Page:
The Guggenheim Museum in New York announced today, January 14, that it has named Naomi Beckwith as its deputy director and chief curator. In the role, Beckwith will replace long-time Guggenheim curator Nancy Spector, who resigned in October of last year amid accusations of racism, sexism, and other toxic practices against the museum’s top leadership.
Beckwith joins the Guggenheim after working in various curatorial posts at the Museum of Contemporary Art Chicago, most recently as a senior curator. During her 10-year tenure at the MCA, she curated and co-curated exhibitions like Howardena Pindell: What Remains to Be Seen (2018), The Freedom Principle: Experiments in Art and Music, 1965 to Now (2015), and Homebodies (2013), among others. Prior to that, she worked as an associate curator at New York’s Studio Museum in Harlem, where she organized exhibitions including Lynette Yiadom-Boakye: Any Number of Preoccupations (2011) and 30 Seconds off an Inch (2009–10).
In her new role at the Guggenheim, Beckwith will oversee collections, exhibitions, publications, curatorial programs, and archives. As a high-ranking member of the museum’s executive leadership, she will participate in shaping the institution’s strategies and vision. When Beckwith enters the new position in early June, she will be the first Black woman in the role.
In a statement, Beckwith said: “One cannot overstate the iconicity and consequence of the Guggenheim Museum — yet, refusing to rest on its laurels, it readily presents projects that disrupt art history’s mythologies.”
“I’m excited to join the Guggenheim and its passionate team at a pivotal moment,” she added. “I look forward to merging our shared goals of expanding the story of art, and also working to shape a new reality for arts and culture.”
Beckwith’s appointment comes months after a group of current and former workers known as A Better Guggenheim called for the removal of the museum’s top three executives: Spector, Director Richard Armstrong, and Senior Deputy Director and Chief Operating Officer Elizabeth Duggal.
Last summer, the group released a letter to the board demanding concrete steps to “dismantle the systemic racism” at the museum. The letter centered on the experience of Chaédria LaBouvier, who curated the 2019 exhibition Basquiat’s “Defacement”: The Untold Story. LaBouvier has accused Spector of excluding her from key aspects of the exhibition planning and taking credit for her work, calling it “the most racist professional experience of my life” in a tweet.
Welcoming Beckwith into the position, director Richard Armstrong said in a statement: “Her expertise will be invaluable in advancing and amplifying an inclusive range of perspectives within the Guggenheim collection and culture. We look forward to working with her to develop avenues for new research and programming, and to create powerful and meaningful ways to deepen engagement with modern and contemporary art.”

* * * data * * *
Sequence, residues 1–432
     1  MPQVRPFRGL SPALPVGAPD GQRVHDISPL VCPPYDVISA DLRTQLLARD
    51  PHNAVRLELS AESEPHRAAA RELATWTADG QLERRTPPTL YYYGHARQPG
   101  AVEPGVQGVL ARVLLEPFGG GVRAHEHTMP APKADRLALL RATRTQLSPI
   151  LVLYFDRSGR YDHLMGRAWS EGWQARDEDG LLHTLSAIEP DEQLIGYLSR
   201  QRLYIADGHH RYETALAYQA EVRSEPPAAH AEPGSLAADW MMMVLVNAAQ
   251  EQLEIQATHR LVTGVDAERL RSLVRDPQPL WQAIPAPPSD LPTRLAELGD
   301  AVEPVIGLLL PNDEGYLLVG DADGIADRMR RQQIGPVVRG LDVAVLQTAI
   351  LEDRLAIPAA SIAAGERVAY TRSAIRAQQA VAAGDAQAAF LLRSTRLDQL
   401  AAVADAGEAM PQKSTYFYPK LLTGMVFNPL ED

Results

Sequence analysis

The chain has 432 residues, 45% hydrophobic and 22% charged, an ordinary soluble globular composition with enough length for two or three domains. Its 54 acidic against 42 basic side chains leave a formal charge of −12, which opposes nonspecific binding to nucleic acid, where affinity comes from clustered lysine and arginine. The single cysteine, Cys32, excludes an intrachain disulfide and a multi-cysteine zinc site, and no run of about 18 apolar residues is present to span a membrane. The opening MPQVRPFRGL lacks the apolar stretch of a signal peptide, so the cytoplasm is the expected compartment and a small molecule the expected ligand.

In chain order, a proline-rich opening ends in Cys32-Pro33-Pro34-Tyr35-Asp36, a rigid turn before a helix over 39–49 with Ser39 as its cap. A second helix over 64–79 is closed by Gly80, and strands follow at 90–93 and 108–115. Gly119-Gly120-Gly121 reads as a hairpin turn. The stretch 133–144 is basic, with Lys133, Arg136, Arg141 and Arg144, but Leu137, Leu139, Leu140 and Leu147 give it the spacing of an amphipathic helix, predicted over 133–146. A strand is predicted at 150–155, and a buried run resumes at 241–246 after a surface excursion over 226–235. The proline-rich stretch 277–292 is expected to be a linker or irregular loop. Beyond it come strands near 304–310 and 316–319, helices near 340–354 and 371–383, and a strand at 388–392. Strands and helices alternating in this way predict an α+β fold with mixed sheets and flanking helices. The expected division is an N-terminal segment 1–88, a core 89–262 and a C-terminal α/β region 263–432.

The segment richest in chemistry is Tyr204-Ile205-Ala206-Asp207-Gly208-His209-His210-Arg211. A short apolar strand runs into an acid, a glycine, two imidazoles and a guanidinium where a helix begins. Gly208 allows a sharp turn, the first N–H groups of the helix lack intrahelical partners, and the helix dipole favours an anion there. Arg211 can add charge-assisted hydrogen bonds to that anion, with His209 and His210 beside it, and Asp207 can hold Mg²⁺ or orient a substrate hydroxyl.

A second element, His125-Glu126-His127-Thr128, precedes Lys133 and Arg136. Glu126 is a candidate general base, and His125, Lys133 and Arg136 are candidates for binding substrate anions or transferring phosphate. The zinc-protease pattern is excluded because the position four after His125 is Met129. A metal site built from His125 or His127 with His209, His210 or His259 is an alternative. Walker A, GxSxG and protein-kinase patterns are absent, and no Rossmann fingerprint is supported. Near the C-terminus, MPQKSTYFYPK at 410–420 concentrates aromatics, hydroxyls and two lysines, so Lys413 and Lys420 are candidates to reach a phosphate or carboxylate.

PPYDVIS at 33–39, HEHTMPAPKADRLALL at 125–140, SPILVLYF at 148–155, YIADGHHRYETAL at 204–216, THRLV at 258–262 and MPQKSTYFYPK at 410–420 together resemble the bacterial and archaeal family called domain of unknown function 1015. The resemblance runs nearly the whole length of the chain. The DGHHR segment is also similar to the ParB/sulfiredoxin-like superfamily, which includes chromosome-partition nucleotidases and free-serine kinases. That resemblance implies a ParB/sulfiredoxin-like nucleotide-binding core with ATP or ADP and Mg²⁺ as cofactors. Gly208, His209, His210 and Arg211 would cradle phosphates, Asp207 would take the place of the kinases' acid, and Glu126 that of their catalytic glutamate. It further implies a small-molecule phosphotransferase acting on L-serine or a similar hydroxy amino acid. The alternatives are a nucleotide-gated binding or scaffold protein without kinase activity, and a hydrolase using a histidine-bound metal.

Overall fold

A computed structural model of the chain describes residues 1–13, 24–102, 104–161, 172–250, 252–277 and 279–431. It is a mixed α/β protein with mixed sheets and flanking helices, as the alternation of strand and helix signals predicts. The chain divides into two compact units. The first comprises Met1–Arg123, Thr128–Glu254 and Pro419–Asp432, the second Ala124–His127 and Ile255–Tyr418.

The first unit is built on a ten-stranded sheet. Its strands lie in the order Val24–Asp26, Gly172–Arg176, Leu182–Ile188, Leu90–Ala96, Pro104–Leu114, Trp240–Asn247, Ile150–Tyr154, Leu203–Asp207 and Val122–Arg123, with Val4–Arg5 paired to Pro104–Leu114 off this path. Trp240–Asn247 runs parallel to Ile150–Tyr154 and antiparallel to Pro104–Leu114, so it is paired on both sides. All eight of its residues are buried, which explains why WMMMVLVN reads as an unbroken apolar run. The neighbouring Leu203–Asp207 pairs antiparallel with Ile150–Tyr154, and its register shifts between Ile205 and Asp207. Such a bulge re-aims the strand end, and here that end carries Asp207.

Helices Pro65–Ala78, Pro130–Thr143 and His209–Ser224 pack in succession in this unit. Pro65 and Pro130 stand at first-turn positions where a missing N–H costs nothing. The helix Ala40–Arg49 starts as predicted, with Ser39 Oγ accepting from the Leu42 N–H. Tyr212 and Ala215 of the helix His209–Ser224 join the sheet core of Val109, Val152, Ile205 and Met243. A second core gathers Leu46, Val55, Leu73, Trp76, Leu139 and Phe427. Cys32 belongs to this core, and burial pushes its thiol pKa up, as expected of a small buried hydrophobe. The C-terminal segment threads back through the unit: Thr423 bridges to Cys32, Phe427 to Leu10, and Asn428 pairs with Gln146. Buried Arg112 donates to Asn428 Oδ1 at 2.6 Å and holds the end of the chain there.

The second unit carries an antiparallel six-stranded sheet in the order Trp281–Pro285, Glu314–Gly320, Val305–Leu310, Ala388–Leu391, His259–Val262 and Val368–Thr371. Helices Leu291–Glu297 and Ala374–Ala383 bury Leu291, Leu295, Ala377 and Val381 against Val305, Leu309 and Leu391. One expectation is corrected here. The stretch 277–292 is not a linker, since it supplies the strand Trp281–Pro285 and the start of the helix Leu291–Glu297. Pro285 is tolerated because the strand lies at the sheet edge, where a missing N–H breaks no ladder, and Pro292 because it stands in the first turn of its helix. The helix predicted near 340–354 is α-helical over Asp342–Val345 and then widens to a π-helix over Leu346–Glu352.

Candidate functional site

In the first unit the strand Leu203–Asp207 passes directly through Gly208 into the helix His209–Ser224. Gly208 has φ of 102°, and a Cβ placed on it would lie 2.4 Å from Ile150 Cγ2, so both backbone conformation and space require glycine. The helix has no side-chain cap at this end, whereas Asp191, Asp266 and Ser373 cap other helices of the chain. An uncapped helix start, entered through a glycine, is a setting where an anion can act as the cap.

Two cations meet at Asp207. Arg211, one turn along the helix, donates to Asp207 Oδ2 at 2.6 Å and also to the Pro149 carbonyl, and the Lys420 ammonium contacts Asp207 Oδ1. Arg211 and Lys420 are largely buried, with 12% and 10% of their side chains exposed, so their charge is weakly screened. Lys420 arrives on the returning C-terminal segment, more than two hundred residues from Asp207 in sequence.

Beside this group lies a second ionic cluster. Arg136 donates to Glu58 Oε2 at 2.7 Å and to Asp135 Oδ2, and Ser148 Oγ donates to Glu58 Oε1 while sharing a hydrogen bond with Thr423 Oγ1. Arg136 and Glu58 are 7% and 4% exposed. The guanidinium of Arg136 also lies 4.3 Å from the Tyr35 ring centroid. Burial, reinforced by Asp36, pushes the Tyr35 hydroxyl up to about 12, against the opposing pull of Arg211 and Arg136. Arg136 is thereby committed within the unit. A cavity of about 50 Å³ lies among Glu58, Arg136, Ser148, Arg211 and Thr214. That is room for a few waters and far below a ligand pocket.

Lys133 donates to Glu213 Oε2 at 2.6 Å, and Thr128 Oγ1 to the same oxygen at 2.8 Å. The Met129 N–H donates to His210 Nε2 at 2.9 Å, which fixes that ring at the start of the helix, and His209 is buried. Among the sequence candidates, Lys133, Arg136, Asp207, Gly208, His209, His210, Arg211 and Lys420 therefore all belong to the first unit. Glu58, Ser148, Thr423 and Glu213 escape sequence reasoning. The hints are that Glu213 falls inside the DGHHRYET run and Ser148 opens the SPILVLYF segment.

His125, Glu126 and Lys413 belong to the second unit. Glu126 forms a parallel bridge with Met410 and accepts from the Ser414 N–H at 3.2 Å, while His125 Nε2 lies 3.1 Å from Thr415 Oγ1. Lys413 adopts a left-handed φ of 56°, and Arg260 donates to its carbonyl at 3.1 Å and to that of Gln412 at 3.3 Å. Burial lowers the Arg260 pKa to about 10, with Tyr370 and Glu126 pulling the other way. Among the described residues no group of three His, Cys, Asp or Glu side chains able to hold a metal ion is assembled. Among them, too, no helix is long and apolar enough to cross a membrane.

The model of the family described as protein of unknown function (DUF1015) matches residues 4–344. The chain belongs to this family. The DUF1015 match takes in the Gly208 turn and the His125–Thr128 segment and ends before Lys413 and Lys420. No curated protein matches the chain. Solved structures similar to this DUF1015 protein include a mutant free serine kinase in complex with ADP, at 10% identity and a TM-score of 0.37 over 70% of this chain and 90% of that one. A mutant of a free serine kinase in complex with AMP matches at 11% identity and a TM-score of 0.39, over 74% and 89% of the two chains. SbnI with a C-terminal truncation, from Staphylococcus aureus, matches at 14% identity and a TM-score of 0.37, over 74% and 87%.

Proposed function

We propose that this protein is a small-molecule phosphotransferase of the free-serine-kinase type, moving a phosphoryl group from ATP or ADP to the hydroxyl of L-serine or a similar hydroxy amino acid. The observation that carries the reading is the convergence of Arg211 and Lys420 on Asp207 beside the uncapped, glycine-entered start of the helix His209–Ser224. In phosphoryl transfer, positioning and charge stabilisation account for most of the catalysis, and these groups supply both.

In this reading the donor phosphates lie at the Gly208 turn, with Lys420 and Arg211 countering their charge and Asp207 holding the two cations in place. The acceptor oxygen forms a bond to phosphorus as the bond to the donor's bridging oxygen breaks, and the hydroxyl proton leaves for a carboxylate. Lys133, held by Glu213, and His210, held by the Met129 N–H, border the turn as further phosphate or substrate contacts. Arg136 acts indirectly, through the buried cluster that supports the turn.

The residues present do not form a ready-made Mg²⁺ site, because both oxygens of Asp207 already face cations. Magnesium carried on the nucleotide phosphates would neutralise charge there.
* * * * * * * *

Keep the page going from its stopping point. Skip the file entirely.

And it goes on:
Pussy Riot’s Nadya Tolokonnikova Placed on Russian “Wanted” List
Tolokonnikova has long been a thorn in the side of Vladimir Putin’s regime.
Vivan Sundaram, Veteran Indian Contemporary Artist, Dies at 79
Sundaram is celebrated for his multidisciplinary studio practice steeped in activism and political consciousness.
The Rubin Museum Presents Death Is Not the End
Tibetan Buddhist and Christian works of art made across 12 centuries explore death, the afterlife, and the desire to continue to exist. On view in NYC.
What’s Iconoclastic About a Blackface Madonna?
Artist Tony Rave’s work comes to remind us that piety is not strictly White.
The Most Stirring Press Photographs of 2022
Photographs captured war-torn Ukraine, the Taliban’s takeover of Afghanistan, and an Iranian woman defying the mandatory hijab law.
When I Am Empty Please Dispose of Me Properly
Ayanna Dozier, Ilana Harris-Babou, Meena Hasan, Lucia Hierro, Catherine Opie, Chuck Ramirez, and Pacifico Silano explore the myths of the American Dream at Brooklyn’s BRIC House.
NY Governor’s Proposed Budget Slashes Pandemic-Era Arts Funds
The cuts to the New York State Council on the Arts budget are attributed to the expiration of pandemic relief programs, but advocates say arts organizations need more support.
MoMA Apologizes for Kicking Out Black Artist From Installation
Museum security asked Heather Agyepong to leave the installation Black Power Naps, meant as a safe space for Black people, after a White visitor called her “aggressive.”
Pratt’s 2023 Fine Arts MFA Thesis Exhibition Is On View in Brooklyn
The two-part exhibition features the work of 41 graduating artists across disciplines, including painting, sculpture, printmaking, and integrated practices.
New York’s BIPOC-Led Arts Orgs Are Grossly Underfunded
Proposed cuts to arts funding across the state would hit entities of color the hardest.
New Directors/New Films Festival Takes an Experimental Turn
A host of documentaries exemplify ND/NF’s unconventional programming philosophy.
The Milton Resnick and Pat Passlof Foundation Presents The Feminine in Abstract Painting
Curated by Jennifer Samet and Andrea Belag, this group exhibition in NYC explores the feminine through aesthetics, as opposed to identity or gender.
Memories So Fair and Bright
Kimetha Vanderveen’s paintings are about the interaction of materiality and light, the bond between the palpable and ephemeral world in which we live.
Artists Contemplate Sovereignty in Santa Fe
The Santa Fe Art Institute’s 2024 International Thematic Residency focuses on what sovereignty means for artists from across the world.